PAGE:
Two exhibitions last year celebrated the 500th anniversary of Heironymus Bosch’s death.  One million people were expected to visit two different exhibits, first in the Netherlands, then in Spain. The Prado exhibition was so popular that the museum extended it an extra two weeks and kept the doors open until 10 p.m. The other exhibition had been held earlier that year in Bosch’s birthplace, s-Hergotenbosch.

Currently, The National Gallery of Art in Washington has a show of “Dutch Drawings from Bosch to Bloemaert.”  They come from the Museum Boijmans Van Beunigen in Rotterdam.  There are superb drawings by Pieter Bruegel, followers of Jan Van Eyck and Rogier van der Weyden, Lucas van Leyden and lesser known artists such as Roelant Savery. An examination of the two drawings by Bosch shows how well he was attune to the realism in nature. The Owl’s Nest puts Bosch close to the same category as Leonardo and Albrecht Durer, when to his keen understanding and observation of nature.

The Owl’s Nest, pen and ink, 1500-1505, Museum Boijmans Van Beunigen, Rotterdam

Bosch repeated most of the Tree Man, top, in his most famous painting, The Garden of Earthly Delights. The metamorphosing figure is generally considered to be a self-portrait.  The Owl’s Nest is not an idea or a study for any of Bosch’s surviving paintings.  The faces, wings and nest are realistic. There’s a lightness and delicacy that goes with Bosch’s style, without falling into his usual diversion — fantasy.  Strokes are very precise of various sizes and lengths.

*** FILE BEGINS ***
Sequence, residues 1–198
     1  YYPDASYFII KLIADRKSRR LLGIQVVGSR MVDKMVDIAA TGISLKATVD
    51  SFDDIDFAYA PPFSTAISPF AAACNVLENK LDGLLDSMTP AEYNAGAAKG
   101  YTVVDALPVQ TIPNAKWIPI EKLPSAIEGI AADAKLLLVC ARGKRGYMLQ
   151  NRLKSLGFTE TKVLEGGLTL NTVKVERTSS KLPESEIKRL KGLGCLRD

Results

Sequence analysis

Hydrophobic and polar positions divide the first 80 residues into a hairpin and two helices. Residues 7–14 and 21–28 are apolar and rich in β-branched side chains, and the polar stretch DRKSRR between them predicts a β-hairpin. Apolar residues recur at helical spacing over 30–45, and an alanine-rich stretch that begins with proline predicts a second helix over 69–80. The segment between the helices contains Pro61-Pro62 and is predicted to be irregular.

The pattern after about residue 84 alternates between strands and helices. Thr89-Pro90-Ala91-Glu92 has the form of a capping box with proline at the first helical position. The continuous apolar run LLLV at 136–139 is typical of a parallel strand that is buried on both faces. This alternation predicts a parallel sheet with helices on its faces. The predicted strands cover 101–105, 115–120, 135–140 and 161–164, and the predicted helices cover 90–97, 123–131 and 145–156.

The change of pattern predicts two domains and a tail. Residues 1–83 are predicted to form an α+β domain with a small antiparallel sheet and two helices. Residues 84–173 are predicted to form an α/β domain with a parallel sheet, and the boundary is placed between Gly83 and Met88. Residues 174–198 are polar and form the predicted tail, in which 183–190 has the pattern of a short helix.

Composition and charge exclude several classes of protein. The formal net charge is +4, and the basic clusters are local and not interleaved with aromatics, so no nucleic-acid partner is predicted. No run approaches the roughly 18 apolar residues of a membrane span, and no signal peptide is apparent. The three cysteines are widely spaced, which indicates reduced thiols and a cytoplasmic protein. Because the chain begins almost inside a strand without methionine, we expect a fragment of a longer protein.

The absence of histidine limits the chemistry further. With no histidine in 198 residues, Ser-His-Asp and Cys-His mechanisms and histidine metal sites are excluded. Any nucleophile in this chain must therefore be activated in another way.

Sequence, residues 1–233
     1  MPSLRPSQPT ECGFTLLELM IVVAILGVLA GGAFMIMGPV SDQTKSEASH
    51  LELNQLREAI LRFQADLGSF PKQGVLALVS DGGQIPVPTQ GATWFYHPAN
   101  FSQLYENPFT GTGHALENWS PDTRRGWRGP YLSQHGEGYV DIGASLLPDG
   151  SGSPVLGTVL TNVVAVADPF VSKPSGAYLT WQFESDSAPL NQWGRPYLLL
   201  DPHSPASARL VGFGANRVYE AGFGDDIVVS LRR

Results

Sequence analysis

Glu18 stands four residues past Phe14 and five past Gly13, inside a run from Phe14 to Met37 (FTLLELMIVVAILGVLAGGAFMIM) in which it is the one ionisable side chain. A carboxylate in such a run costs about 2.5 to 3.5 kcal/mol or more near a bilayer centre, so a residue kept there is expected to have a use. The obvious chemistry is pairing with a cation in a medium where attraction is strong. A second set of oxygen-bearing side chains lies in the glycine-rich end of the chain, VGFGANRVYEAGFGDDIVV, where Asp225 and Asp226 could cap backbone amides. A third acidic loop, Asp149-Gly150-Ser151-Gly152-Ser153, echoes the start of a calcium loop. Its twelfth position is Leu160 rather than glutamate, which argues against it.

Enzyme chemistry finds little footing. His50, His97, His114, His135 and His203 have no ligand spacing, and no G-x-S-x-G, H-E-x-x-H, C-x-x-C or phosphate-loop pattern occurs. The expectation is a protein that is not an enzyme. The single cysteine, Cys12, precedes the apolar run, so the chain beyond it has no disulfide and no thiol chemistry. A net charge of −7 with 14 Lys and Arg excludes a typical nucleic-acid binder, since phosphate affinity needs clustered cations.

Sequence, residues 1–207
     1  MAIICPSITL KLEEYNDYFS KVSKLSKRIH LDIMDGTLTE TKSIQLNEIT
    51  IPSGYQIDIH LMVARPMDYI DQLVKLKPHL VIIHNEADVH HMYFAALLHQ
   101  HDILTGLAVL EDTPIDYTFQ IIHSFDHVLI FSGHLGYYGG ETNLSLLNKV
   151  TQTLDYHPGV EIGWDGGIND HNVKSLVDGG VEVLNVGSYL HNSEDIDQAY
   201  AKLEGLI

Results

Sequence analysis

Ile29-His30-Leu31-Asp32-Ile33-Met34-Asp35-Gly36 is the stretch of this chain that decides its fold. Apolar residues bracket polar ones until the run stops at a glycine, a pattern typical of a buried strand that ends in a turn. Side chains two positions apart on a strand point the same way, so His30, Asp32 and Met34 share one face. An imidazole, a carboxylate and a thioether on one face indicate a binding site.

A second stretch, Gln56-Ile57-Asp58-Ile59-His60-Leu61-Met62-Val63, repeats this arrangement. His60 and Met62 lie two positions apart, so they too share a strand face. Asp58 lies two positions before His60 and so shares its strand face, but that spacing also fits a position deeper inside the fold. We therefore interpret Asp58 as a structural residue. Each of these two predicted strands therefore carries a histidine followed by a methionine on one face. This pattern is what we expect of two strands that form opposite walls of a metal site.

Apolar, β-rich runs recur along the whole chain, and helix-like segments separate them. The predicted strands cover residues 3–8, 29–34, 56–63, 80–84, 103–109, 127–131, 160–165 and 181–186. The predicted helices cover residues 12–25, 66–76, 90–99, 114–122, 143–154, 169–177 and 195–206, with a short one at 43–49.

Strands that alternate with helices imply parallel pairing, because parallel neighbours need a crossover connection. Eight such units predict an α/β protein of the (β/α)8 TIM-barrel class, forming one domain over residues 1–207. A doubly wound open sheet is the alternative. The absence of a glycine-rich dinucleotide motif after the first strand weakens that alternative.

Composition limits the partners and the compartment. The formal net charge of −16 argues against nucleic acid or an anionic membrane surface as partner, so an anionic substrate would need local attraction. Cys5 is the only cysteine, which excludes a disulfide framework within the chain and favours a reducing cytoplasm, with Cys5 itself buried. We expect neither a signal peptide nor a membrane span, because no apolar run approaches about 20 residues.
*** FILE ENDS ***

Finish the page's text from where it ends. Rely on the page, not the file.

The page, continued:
Fox and Rooster, pen and ink

The Owl’s Nest was probably always planned to be a finished drawing. Bosch painted owls in nearly all his paintings.  According to dailyartdaily, “There’s a lot of speculation about what his owls mean, and how they should be read.”  Multiple and contradictory meanings are associated with owls. Sometimes they might signify wisdom.  “But it seems around 1500, the owls were generally associated with menace and death and had an emblematic, moralistic significance.”

Two Women, pen and ink,

The other drawing by Bosch from the Boijmans Van Beuningen has two scenes.  The scene that is Fox and Rooster.   Presumably, the Fox is ready to pounce upon the rooster, but you really need a magnifying glass to see it.  Once again, it’s a dark side of nature, with something ominous as in The Owl’s Nest.  However, the Fox and Rooster have a rich folklore tradition, as part of Aesop’s Fables, and in Chaucer’s Canterbury Tales.   Of the two drawings on the same piece of paper, this one is considered to be of a later date.  It is tentative and sketchy compared to The Owl’s Nest and Tree Man, drawings meant to appear finished.